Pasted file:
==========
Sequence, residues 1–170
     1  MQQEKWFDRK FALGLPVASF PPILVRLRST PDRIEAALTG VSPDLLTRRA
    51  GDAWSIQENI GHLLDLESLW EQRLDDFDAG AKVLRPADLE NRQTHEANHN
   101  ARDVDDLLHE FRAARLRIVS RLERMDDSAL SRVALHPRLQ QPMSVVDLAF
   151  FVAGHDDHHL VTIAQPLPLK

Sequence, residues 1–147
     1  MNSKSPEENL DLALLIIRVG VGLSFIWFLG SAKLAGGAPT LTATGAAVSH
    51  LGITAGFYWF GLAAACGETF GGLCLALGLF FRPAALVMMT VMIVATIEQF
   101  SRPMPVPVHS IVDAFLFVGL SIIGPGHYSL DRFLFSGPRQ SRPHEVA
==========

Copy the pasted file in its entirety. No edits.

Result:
Sequence, residues 1–170
     1  MQQEKWFDRK FALGLPVASF PPILVRLRST PDRIEAALTG VSPDLLTRRA
    51  GDAWSIQENI GHLLDLESLW EQRLDDFDAG AKVLRPADLE NRQTHEANHN
   101  ARDVDDLLHE FRAARLRIVS RLERMDDSAL SRVALHPRLQ QPMSVVDLAF
   151  FVAGHDDHHL VTIAQPLPLK

Sequence, residues 1–147
     1  MNSKSPEENL DLALLIIRVG VGLSFIWFLG SAKLAGGAPT LTATGAAVSH
    51  LGITAGFYWF GLAAACGETF GGLCLALGLF FRPAALVMMT VMIVATIEQF
   101  SRPMPVPVHS IVDAFLFVGL SIIGPGHYSL DRFLFSGPRQ SRPHEVA